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Ways to make friends: Volunteer projects

Do good and make friends at the same time with these New York City volunteer organizations, whether you’re interested in tutoring kids or rebuilding homes.

These service groups offer New Yorkers the chance to make friends, while helping to make the world a better place. Get involved, meet fellow creative types or chat while you ladle out soup for the homeless.

RECOMMENDED: Full guide to how to meet new people in NYC

Many Hopes

Many Hopes

Founded in 2007 by a pair of ex-journalists, Many Hopes is dedicated to housing, educating and empowering orphaned girls in Kenya. In just a few years, the organization has built four homes in the coastal town of Mtwapa for 44 kids who had been living on the streets. The long-term goal: raising young women to be leaders who will help bring their country out of poverty. Participants who contribute $10 to $25 monthly—all of which directly supports Many Hopes’ initiatives—meet once a month, culminating in the yearly Breaking Ground fund-raising campaign. The organization also hosts get-togethers for local chapters and annual retreats,
and even takes three groups to Mtwapa each year. • Visit manyhopes.org or e-mail ny@manyhopes.org
for details.

“I’ve met a lot of my closer friends through Many Hopes. It’s a great way to get introduced to people in New York other than the bar scene.”—Kyle Thousand, 32, sports agent, Lower East Side


Behind Brooklyn Superhero Supply Company, a whimsical shop for imaginative crime-fighting enthusiasts, you’ll find the New York chapter of this Dave Eggers–founded youth writing center. Run by both staff and volunteers, 826 is always on the lookout for new recruits; sign up to teach a workshop, assist kids with their homework, or help out in the store or with administrative duties. Fill out an application on the center’s website and you’ll be invited to an orientation, to determine where your skills can be best utilized. • 718-499-9884, 826nyc.org.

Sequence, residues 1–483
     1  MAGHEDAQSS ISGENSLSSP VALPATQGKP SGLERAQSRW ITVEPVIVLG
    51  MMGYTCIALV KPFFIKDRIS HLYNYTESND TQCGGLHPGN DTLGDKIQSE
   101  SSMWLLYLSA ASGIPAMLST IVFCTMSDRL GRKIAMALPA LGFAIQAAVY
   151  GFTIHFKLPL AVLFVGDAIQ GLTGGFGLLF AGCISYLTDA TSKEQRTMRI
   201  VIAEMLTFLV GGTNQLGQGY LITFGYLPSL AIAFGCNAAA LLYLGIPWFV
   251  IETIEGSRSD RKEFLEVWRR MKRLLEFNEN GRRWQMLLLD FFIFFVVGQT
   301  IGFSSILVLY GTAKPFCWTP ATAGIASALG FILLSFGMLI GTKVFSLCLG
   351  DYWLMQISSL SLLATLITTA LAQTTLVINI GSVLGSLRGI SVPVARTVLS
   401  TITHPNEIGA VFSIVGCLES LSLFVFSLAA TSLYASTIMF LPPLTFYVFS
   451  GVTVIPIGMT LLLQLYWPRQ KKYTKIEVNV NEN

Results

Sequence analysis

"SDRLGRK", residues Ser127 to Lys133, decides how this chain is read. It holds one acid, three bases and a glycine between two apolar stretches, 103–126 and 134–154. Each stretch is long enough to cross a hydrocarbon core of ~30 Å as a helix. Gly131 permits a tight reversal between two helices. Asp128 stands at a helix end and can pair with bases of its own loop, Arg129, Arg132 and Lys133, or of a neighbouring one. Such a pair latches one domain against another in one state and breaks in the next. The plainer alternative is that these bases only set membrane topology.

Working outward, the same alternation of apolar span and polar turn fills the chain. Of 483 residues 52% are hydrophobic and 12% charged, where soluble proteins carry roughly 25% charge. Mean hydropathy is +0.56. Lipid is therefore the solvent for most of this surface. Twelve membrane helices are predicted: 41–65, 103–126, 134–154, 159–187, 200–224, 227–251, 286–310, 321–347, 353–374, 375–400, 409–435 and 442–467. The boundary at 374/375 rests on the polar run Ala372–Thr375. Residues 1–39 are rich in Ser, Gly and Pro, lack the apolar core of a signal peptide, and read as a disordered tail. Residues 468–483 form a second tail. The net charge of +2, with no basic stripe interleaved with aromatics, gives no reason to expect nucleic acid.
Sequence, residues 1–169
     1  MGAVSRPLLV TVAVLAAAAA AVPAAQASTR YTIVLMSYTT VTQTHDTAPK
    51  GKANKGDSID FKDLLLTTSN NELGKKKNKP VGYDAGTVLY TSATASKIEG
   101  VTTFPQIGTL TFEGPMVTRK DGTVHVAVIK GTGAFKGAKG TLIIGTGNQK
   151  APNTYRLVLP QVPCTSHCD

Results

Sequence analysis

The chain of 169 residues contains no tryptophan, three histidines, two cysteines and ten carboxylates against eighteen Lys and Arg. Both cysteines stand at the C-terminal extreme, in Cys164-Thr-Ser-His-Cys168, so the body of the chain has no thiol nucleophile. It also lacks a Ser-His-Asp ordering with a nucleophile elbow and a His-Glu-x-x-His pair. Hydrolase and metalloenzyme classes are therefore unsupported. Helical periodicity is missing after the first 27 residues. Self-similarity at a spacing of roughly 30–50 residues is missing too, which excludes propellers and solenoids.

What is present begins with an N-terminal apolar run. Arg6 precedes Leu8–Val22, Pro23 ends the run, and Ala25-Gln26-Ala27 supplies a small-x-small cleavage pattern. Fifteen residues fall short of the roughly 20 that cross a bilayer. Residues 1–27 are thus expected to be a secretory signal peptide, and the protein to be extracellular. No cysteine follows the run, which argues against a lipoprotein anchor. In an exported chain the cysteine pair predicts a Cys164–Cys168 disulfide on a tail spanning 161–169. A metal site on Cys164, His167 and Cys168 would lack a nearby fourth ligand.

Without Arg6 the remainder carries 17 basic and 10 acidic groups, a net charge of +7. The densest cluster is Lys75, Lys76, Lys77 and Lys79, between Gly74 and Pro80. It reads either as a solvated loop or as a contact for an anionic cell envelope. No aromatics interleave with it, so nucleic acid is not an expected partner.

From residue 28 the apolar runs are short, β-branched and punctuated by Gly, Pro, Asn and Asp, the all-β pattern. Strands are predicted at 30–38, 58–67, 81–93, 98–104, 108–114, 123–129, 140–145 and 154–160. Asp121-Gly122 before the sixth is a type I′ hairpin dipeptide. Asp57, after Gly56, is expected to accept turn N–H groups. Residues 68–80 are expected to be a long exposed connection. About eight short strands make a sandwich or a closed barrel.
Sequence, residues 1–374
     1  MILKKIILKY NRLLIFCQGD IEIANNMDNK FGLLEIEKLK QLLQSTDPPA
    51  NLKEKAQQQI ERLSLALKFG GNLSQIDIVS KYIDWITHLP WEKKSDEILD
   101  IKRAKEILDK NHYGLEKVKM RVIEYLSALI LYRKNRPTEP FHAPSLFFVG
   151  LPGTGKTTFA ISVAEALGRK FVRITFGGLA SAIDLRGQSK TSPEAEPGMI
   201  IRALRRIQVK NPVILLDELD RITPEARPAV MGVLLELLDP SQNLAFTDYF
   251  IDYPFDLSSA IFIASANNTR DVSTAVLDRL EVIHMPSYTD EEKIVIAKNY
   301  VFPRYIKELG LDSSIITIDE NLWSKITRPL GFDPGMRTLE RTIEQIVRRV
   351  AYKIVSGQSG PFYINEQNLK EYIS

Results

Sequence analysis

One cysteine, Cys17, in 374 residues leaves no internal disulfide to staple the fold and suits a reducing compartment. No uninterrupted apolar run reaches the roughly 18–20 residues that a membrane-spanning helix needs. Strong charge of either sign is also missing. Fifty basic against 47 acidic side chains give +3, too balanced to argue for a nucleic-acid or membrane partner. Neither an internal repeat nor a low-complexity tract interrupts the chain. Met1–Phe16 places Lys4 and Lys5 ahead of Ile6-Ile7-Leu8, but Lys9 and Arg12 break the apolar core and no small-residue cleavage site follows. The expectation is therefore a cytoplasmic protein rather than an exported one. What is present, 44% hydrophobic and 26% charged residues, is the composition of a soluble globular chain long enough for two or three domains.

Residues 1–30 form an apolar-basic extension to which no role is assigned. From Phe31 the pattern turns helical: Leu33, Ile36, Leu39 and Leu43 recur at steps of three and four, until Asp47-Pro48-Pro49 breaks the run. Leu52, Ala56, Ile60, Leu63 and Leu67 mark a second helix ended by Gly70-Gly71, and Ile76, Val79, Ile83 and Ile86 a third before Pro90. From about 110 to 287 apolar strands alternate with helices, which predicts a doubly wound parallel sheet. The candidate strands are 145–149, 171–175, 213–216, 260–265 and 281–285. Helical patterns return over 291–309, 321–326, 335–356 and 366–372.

"It’s really nice to have access to a group of creative like minds.”—Kathryn Walton, architect and amateur screenwriter

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Park Slope
Occupy Sandy Recovery

Occupy Sandy Recovery

The storm may have passed and the floodwaters receded, but the recovery from Hurricane Sandy isn’t even close to finished. This coalition between 350.org and Recovers.org is Occupy Wall Street’s contribution to community relief efforts; the democratic, grassroots initiative was able to provide aid in hard-hit areas before even FEMA arrived on the scene. Fill out a volunteer form online (you can register as an individual or as a group), then stop by one of OSR’s two Brooklyn nerve centers: the Church of St. Luke and St. Matthew (520 Clinton Ave between Atlantic Ave and Fulton St, Clinton Hill) or St. Jacobi Church (5406 Fourth Ave at 54th St, Sunset Park). interoccupy.net/occupysandy.

“I coordinate hundreds of volunteers, and I get to see relationships form. It’s a really cool way for people to meet each other.”—Anna Lemler, 24; People’s Relief site coordinator; South Slope, Brooklyn

Photograph: Carolina Kroon



This city-government-run program allows New Yorkers to trade talents and services. You could teach someone guitar in exchange for getting your apartment painted, or shovel the snow off your neighbor’s sidewalk for gratis French lessons. If you simply want to give your time, that’s also an option. Kindergarten teacher Cassie Regan, for instance, swung a spade at an intergenerational community gardening project this summer. TimeBanks has sites in all five boroughs, with plans to add more next year. To get in on the action, fill out an online profile and application. Once you’ve been vetted and oriented, you’ll be able to browse connections and start swapping. • Call 866-244-6469 or visit nyc.gov/html/timebanks.

“The good thing about gardening is that when you’re there, you get to just chat with people.”—Cassie Regan, 24; kindergarten teacher; Woodhaven, Queens

Young Philanthropists at the Bowery Mission

Young Philanthropists at the Bowery Mission

Launched in 2008, this initiative from the venerable shelter brings together professionals in their twenties and thirties looking to make a difference in downtown Manhattan. Think of it as networking, only way more productive and valuable. In addition to throwing an annual summer fund-raiser, the Young Philanthropists organize projects and events to assist homeless people and at-risk youth, such as coat drives. The group’s latest effort is serving meals to the homeless community at the Bowery Mission in the East Village. • To join in, e-mail events@bowery.org. 212-684-2800, ext 152; bowery.org/donate/youngphilanthropists. Next event: January.